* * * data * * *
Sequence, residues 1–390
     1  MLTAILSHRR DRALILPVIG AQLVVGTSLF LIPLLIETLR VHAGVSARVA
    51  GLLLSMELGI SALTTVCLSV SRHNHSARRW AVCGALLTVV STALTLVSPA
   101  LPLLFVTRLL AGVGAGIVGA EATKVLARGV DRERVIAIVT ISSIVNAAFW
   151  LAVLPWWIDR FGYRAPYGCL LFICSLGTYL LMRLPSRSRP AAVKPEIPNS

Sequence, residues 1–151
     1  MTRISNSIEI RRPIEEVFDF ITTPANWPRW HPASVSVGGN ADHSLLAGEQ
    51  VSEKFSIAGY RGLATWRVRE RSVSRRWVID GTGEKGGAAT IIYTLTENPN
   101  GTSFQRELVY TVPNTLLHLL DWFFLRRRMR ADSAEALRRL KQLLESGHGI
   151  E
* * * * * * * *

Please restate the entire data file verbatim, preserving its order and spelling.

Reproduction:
Sequence, residues 1–390
     1  MLTAILSHRR DRALILPVIG AQLVVGTSLF LIPLLIETLR VHAGVSARVA
    51  GLLLSMELGI SALTTVCLSV SRHNHSARRW AVCGALLTVV STALTLVSPA
   101  LPLLFVTRLL AGVGAGIVGA EATKVLARGV DRERVIAIVT ISSIVNAAFW
   151  LAVLPWWIDR FGYRAPYGCL LFICSLGTYL LMRLPSRSRP AAVKPEIPNS

Sequence, residues 1–151
     1  MTRISNSIEI RRPIEEVFDF ITTPANWPRW HPASVSVGGN ADHSLLAGEQ
    51  VSEKFSIAGY RGLATWRVRE RSVSRRWVID GTGEKGGAAT IIYTLTENPN
   101  GTSFQRELVY TVPNTLLHLL DWFFLRRRMR ADSAEALRRL KQLLESGHGI
   151  E